New discovery could provide better treatment of epilepsy and cardiac arrhythmia
Nerve cells communicate with their surroundings through channels in the cell membrane, where electrical impulses are sent through ions – charged atoms. Established medicine, for example local anaesthesia, works through blocking these channels, thus obstructing communication. Medicines for epilepsy functions in a similar fashion – they dampen nerve impulses through blocking ion channels.
But almost a third of all those who suffer from epilepsy are not helped by current medicines, which moreover have undesirable side effects. LiU research Fredrik Elinder, professor of molecular neurobiology, and his graduate student Sara Börjesson have discovered and charted a mechanism that makes it easier for the cell to open and close its ion channels itself.
“Instead of rolling a stone in front of the doorway, which current medicine does, we could say that we’ve found out how to use the doorknob to close the door,” Elinder says.
“It’s a question of stimulating the cell’s own mechanism that opens and closes the ion canals, through letting electrically charged substances bind to the components in the cell membranes that regulate this. These are substances like polyunsaturated fatty acids, for example omega-3 and omega-6. It was the successful treatment of an epileptic child with these fatty acids that put the researchers on the right track,” he relates.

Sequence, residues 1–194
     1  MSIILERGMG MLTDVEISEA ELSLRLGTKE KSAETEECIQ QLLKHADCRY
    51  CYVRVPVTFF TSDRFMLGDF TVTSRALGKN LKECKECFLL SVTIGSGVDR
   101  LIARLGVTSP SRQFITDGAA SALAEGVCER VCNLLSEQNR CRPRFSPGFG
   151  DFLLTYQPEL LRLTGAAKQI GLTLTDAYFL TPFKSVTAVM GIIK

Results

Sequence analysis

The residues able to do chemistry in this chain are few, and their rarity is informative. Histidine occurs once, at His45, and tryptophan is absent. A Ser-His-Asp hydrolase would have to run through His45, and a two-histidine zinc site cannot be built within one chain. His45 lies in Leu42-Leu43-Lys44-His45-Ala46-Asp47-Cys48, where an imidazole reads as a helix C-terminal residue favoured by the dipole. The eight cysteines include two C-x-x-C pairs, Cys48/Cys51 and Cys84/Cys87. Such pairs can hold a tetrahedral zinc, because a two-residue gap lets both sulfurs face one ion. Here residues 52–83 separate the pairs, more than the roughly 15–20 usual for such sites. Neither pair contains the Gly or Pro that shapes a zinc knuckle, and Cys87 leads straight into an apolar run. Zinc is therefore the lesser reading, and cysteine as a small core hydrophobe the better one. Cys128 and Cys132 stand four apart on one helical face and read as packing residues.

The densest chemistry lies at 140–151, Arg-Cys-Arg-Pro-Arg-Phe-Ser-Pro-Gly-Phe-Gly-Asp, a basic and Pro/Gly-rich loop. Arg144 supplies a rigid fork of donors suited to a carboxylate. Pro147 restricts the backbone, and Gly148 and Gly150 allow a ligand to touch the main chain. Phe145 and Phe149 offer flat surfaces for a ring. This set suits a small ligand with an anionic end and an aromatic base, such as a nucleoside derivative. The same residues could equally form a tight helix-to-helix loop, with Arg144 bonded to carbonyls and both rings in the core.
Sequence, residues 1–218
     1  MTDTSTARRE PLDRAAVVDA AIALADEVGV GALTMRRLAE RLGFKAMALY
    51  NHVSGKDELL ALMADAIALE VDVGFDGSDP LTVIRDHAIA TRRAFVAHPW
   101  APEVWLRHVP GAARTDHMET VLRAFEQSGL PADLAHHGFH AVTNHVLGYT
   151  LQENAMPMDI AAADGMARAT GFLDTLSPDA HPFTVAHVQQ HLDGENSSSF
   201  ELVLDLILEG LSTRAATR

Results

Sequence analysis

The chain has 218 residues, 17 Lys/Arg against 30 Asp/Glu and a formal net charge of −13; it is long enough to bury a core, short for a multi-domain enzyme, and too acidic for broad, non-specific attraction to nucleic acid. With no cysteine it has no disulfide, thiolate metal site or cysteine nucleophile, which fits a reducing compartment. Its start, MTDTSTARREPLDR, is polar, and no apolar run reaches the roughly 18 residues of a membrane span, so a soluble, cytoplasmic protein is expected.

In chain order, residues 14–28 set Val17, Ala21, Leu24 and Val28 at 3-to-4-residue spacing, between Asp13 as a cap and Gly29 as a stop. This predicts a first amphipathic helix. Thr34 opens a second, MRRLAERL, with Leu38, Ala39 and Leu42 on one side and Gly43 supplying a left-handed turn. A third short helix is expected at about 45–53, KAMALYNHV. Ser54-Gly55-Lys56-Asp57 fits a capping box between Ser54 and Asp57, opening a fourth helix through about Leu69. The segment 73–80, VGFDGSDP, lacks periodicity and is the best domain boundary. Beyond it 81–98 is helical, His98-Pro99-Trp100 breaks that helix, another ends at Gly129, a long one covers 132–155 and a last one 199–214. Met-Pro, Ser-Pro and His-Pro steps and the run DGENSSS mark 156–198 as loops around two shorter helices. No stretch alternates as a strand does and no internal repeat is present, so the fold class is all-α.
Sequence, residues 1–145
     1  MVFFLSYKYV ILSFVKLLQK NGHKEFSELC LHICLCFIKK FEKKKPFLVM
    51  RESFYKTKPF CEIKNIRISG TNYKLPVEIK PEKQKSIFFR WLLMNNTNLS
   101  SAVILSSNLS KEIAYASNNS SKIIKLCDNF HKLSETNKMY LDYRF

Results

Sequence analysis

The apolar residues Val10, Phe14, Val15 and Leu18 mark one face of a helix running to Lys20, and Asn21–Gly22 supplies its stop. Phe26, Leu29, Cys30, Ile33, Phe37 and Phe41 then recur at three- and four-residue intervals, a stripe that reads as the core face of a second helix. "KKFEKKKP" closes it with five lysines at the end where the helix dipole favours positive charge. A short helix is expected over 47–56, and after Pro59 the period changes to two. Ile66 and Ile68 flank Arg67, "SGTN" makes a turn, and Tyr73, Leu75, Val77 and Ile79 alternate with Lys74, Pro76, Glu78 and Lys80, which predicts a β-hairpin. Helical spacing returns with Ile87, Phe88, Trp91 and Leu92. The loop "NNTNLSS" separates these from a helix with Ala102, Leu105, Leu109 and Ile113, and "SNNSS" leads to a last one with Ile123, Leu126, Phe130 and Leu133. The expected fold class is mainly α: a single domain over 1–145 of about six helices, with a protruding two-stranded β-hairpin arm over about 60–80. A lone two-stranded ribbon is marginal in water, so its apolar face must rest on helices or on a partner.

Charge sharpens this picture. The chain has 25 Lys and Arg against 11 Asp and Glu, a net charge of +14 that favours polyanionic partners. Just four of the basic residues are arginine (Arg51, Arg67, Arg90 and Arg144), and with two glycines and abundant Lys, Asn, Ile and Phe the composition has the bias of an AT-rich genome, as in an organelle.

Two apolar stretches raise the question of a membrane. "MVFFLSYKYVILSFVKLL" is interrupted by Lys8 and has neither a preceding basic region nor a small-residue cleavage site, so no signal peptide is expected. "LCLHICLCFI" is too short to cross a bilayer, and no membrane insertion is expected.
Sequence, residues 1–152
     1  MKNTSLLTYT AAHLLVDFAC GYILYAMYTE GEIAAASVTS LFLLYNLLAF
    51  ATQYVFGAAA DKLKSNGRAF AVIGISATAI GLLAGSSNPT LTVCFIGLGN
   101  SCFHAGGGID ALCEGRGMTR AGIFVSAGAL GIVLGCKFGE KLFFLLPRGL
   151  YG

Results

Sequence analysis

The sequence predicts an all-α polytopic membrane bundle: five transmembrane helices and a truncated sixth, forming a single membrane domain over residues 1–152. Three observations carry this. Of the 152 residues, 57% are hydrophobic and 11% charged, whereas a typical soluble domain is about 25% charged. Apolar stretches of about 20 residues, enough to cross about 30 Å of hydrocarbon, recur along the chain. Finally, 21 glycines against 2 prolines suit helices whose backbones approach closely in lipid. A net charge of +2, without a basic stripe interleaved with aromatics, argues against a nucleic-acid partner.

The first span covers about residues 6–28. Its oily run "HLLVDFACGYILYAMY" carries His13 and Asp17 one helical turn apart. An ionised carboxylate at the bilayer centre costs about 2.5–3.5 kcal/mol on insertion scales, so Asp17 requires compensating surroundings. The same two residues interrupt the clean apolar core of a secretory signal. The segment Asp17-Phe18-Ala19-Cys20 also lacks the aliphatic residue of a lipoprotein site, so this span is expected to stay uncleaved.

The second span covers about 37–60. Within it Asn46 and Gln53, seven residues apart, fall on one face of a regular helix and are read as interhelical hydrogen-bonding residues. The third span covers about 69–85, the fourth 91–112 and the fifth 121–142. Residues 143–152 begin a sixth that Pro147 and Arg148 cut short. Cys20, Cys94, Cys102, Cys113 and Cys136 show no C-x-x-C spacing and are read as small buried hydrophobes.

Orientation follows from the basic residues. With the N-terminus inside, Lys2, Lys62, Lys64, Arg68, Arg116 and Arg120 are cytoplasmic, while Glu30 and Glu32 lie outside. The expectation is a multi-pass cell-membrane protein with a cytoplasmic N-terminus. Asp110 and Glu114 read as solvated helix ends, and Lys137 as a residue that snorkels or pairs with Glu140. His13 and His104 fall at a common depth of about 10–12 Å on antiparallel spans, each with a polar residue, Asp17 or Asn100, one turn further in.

“Paediatric neurologists discovered years ago that children got much better with a high-fat diet – what’s called a ketogenic diet.”
Now he and his colleagues have found a partial explanation for this. Polyunsaturated fats bind in the right way at the right place to be able to affect the nerve cell’s own mechanisms for opening and closing ion channels. LiU researchers have dubbed their discovery the lipoelectric mechanism.
“We’ve found an entirely new mechanism and an entirely new binding site,” Elinder says. “The method of attack is also more subtle. We’re working with the body’s own functions, which could reduce the risk of side effects.
“The work is now going further, looking for molecules that have these specific properties and which could function as medicine. Credit where credit is due, of course, but fatty acids strike too broadly,” he says. He won’t predict how long it will take to develop a medicine, however.
“It could take anywhere from five to twenty years. We’ve still got plenty of steps left in the process.”
Text: Anika Agebjörn
Last updated: 2012-12-10